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Issue #1788      August 2, 2017

Stealing the nation’s water

Cotton production is the biggest water guzzler in Australia. A report by the Australian Bureau of Statistics in 2008 revealed that cotton production consumes some 20 percent of the water extracted from the Murray Darling system; in the Gwydir River in northern NSW the figure is 87 percent, and in southern Queensland’s Border Rivers catchments it’s 80 percent.

To steal water is a heinous crime. The substance, without which all life would perish, has for decades with the introduction of cotton growing and its influential political lobby been committing that heinous crime with impunity. This has included tampering with water meters and under-the-table allocation of water licenses.

Their current front man, National Party leader Barnaby Joyce (also the water minister), is now in denial in the face of ABC’s Four Corners program revealing massive water flows in the Murray-Darling River meant for the environment have been diverted to cotton farmers.

Joyce’s electorate is smack in the middle of cotton growing in northwest NSW and southwest Queensland. On a national basis cotton production consumes 8.6 percent of our total water use, but produces less than one percent of the total value of our agricultural-industrial production.

In 2007 the federal parliament passed the Commonwealth Water Act. This provided the basis for the Murray-Darling Basin Plan’s recommendations for extra water to be allocated to the Basin catchments for environmental purposes – and hence limits to the quantity that can be diverted for irrigation.

The Guide to the Plan recommends that ground and surface water diverted for irrigation should be reduced by 4,000 gigalitres per annum. According to the Guide, this is the minimum reduction necessary to save the rivers’ natural environment, while minimising the economic and social impact on Basin communities.

This, and other recommendations to address the urgent need to conserve water for the environment, have always come under fierce attack led by the by the big irrigators’ organisations.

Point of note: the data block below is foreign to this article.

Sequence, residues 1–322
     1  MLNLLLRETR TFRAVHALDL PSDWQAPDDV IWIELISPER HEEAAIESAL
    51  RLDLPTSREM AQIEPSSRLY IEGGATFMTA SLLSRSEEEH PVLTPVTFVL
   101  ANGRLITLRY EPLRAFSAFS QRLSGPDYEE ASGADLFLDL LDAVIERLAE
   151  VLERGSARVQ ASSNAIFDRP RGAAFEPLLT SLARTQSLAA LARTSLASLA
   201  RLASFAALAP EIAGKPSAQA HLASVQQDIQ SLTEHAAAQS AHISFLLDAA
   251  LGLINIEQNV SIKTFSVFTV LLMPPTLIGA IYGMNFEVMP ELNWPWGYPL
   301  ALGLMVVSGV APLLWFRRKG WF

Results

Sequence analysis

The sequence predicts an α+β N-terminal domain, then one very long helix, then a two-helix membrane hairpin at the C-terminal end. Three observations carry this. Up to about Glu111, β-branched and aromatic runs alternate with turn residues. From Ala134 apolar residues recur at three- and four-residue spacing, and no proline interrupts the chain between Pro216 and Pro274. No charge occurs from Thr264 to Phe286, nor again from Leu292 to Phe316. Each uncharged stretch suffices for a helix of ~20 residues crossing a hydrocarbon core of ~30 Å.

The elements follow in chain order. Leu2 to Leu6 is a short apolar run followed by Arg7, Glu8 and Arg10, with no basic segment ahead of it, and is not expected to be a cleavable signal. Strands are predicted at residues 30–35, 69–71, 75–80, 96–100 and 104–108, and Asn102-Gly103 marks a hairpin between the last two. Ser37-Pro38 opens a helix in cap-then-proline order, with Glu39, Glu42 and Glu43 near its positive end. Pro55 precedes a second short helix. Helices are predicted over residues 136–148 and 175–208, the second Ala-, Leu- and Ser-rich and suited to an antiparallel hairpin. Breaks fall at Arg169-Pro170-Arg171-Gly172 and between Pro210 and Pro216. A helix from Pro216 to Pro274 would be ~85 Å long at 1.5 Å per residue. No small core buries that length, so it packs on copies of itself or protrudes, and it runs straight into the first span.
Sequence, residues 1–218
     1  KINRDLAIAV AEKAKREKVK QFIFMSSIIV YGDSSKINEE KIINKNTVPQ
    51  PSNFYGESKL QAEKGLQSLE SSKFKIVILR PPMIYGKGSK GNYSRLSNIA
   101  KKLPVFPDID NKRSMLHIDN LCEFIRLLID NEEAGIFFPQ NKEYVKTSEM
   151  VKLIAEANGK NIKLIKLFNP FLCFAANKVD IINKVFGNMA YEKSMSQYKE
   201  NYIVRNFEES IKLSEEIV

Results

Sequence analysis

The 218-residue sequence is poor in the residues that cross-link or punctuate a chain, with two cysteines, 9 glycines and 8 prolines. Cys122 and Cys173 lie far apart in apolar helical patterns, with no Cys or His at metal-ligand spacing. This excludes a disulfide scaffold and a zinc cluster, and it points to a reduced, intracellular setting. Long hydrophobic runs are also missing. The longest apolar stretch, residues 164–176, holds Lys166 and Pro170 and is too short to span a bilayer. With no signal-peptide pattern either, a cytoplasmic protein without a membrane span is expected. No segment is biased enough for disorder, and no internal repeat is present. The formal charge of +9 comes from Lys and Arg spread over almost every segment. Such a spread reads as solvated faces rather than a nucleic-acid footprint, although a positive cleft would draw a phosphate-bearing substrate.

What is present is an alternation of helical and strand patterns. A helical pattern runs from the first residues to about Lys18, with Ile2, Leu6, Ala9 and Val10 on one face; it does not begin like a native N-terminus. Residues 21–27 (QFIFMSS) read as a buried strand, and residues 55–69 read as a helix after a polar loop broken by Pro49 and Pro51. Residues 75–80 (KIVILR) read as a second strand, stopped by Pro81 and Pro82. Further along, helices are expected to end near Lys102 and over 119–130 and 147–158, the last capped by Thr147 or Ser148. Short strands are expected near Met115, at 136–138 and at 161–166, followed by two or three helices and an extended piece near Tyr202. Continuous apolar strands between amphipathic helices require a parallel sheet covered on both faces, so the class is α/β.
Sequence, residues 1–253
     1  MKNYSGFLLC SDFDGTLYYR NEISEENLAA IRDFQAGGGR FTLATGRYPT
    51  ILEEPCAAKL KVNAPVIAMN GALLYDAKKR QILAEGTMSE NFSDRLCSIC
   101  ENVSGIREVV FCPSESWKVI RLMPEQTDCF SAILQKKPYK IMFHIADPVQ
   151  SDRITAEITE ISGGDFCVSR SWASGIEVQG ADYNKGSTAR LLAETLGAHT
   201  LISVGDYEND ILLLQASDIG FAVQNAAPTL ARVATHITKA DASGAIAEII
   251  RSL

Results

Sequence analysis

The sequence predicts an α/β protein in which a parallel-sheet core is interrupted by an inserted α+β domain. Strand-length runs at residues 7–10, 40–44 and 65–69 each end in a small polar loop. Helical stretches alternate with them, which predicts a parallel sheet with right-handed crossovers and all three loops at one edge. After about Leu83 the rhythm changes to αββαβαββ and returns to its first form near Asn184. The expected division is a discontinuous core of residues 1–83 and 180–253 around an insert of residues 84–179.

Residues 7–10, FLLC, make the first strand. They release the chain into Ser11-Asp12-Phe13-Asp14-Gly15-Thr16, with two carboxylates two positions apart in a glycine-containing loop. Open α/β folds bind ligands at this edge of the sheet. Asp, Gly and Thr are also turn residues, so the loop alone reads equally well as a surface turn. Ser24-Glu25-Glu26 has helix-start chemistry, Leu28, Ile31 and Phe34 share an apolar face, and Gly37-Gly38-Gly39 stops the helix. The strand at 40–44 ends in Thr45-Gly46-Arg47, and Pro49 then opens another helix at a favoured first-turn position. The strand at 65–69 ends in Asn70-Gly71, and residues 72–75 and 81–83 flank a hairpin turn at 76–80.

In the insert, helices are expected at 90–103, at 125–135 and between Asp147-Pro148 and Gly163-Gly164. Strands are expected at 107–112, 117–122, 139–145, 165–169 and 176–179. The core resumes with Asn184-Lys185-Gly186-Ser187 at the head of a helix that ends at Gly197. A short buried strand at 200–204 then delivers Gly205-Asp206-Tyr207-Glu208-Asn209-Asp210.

The irrigators have learnt from the leaders of the big mining corporations that governments both Labor and Liberal will willingly buckle under pressure.

The continuation of “business as usual” will ensure that the rivers increasingly dry out, resulting not only in the loss of native flora and fauna, but also in massive damage to tourism, widespread outbreaks of algae, and terrible impacts on local communities and on sectors of agriculture other than those that are primarily reliant on heavy irrigation.

Our future as a food exporting nation – indeed, our future food security and our economic vitality, depends on the government taking steps to protect the natural environment of the Murray-Darling Basin.

The critical condition of the Murray-Darling river system is symptomatic of the crisis the entire planet is facing from changing climatic conditions, and the reduction in accessible oil reserves. This situation requires huge changes to the way we live and produce our goods and services, equivalent in historical significance to the impact of the industrial revolution of the eighteenth and nineteenth centuries.

Our use of coal and oil will need to diminish and eventually cease, and our electricity will have to be produced from zero-emission renewable energy sources like wind and solar power. Our towns and cities will have to be served by public electric rail networks, to minimise our reliance on the use of heavy trucks. Our cars will have to be powered by fully electric motors, rather than hybrid systems.

Our use of the land will also need to change. We should be using the land in a way which corresponds to its natural potential, i.e. with the greatest emphasis on crops and farming methods which require the least amount of water, and which provide the greatest potential for the long-term enrichment of the soil and the natural environment. Instead, we are growing crops and engaging in farming practices which require huge amounts of water and which eventually result in the ruination of the land.

Next article – Editorial – Left out in the cold

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